Additionally, adverse effects of the RF surgical procedure during the postoperative period (within 12 months) were analysed. For the incidences of side effects, considering that patients would undergo several implantations to alleviate the symptoms, the number of side effect events divided by the number of RF procedures is considered a more practical measurement of the side effect rate.

Lastly, for the non-randomized trial, the risk of bias was assessed using the ROBINS-I tool (Risk Of Bias In Non-randomized Studies—of Interventions), evaluating the risk of bias in the results of non-randomized studies of interventions (NRSI), including cohort studies, case–control studies, controlled before-and-after studies, interrupted-time-series studies and controlled trials in which intervention groups are allocated using a method that falls short of full randomization (sometimes called “quasi-randomized” studies) [13]. For the randomized trial the Cochrane Risk of Bias (RoB2) tool was used.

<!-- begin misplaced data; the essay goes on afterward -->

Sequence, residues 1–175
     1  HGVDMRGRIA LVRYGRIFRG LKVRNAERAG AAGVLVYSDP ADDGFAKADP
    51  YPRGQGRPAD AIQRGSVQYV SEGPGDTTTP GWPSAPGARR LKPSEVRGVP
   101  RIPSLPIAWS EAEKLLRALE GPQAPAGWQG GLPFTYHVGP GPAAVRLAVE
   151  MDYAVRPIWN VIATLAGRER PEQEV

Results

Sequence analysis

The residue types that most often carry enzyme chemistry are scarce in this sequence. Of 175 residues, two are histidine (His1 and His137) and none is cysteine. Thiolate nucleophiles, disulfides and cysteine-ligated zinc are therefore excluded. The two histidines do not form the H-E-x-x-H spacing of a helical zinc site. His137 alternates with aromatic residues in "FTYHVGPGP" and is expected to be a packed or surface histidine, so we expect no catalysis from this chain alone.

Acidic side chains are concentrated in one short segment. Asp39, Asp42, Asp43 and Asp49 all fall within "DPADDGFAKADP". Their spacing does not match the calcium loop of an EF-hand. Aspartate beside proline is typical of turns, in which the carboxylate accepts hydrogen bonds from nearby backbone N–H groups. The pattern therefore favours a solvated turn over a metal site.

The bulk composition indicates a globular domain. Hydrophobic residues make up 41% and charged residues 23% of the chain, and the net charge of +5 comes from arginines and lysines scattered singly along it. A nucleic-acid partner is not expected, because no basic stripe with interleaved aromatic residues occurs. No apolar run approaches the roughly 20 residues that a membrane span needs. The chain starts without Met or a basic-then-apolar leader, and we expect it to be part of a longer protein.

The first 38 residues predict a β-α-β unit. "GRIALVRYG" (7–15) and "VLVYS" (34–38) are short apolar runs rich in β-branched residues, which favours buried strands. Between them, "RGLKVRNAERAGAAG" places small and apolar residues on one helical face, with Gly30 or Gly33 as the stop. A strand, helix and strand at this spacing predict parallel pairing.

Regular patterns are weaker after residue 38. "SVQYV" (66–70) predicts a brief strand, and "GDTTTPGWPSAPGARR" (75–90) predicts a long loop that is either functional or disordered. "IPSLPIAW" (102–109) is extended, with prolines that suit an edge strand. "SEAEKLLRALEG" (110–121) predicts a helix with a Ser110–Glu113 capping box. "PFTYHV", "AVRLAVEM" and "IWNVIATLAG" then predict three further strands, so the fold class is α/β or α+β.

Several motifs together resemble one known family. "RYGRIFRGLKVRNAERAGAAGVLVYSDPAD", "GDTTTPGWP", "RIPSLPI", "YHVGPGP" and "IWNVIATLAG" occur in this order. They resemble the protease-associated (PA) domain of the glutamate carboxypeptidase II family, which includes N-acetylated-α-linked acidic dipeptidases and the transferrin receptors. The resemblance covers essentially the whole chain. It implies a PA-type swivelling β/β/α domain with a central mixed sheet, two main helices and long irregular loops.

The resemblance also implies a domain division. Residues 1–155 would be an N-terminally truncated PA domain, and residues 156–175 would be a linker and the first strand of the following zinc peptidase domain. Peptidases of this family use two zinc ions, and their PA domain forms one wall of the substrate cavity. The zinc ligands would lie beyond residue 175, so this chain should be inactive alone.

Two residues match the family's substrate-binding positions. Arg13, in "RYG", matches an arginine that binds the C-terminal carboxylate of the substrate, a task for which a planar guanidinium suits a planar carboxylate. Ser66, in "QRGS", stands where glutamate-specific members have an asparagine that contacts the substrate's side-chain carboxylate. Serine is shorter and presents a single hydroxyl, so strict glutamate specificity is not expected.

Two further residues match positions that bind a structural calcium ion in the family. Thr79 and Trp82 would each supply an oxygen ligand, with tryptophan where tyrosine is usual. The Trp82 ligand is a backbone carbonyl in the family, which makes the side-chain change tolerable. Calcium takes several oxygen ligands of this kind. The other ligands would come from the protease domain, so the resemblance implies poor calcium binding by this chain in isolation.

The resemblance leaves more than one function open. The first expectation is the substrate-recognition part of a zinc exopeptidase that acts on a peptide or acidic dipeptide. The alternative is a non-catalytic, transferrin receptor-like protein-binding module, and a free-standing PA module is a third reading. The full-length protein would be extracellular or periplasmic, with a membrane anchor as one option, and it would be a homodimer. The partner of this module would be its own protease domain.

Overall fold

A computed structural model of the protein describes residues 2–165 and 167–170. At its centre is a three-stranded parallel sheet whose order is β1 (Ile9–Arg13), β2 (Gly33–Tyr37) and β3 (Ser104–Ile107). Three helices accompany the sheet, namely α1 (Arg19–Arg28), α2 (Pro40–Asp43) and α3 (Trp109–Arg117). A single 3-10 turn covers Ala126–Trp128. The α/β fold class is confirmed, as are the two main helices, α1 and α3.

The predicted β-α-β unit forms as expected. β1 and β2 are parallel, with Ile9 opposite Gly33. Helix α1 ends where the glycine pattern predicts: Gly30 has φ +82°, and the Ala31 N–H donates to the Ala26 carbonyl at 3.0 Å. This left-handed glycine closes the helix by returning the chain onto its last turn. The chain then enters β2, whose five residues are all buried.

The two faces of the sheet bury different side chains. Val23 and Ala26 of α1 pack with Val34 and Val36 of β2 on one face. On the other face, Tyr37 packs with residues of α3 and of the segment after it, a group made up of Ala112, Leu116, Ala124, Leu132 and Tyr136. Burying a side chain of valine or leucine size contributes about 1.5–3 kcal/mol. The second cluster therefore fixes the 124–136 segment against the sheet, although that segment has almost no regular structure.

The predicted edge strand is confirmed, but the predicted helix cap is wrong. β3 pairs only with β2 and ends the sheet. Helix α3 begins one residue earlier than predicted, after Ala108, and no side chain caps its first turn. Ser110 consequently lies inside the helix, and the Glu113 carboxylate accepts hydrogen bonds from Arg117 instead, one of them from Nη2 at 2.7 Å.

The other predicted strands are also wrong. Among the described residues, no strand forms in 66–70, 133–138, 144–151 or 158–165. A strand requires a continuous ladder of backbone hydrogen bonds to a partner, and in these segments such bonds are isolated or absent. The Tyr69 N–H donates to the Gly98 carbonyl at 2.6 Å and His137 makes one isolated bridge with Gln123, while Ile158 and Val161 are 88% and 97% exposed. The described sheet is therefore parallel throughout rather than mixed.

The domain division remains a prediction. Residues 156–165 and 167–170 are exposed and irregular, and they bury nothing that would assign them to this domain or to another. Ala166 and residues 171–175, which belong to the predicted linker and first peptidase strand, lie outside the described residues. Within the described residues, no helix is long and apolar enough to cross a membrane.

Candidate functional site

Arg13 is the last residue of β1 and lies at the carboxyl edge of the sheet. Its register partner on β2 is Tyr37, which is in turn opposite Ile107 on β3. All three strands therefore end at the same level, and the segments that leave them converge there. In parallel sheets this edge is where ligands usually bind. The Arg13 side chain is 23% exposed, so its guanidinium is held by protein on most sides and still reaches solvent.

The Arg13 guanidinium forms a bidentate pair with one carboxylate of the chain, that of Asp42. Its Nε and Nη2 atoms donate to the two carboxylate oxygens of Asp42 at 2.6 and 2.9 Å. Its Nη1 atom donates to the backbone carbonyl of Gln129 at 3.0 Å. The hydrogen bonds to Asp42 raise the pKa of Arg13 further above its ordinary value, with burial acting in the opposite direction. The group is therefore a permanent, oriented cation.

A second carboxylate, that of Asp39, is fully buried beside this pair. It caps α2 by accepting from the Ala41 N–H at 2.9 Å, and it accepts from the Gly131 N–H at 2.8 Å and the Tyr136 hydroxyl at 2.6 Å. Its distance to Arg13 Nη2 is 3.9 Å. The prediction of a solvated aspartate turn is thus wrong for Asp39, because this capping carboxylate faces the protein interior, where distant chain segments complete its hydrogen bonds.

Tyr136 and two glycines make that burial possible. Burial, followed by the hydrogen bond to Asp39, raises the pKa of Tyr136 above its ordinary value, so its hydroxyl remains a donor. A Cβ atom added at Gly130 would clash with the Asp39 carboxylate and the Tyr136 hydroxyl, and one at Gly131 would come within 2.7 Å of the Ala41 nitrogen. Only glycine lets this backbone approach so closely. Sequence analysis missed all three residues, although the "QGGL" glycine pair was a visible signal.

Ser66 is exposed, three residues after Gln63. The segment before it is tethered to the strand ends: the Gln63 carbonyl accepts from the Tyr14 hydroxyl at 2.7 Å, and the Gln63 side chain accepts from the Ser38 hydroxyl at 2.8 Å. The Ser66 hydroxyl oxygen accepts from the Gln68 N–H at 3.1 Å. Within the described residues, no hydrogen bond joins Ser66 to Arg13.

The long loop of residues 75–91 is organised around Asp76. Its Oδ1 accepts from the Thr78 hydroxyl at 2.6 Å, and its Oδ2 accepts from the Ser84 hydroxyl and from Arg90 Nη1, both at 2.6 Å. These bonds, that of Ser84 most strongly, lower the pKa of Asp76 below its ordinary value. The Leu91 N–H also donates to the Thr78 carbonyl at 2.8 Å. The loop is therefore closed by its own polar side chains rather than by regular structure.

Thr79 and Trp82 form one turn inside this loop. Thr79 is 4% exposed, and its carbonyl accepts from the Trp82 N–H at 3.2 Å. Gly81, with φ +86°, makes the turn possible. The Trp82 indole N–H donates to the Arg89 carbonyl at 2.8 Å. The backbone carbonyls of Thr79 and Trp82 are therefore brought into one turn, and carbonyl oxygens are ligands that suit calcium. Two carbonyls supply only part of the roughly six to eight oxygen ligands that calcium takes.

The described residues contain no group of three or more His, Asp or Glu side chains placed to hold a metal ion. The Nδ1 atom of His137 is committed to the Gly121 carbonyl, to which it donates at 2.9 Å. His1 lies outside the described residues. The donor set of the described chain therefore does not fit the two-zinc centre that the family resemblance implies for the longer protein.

Statistical analysis

A meta-analysis of the selected studies using continuous measures (comparison of means and standard deviations) was performed with the R statistical software version 4.1.2. The mean difference (MD), defined as the difference between the means of the NOSE score pre- and post-treatment, was chosen to represent the effect size when all studies used the same outcomes and units of measure. MD was calculated through the meta package. In addition, the test for heterogeneity was calculated using the I2 statistic, describing the percentage of variation across studies originating more from heterogeneity than from chance. The I2 rank was classified as follows: 0–24%, no heterogeneity; 25–49%, low heterogeneity; 50–74%, moderate heterogeneity; and 75% or more, high heterogeneity.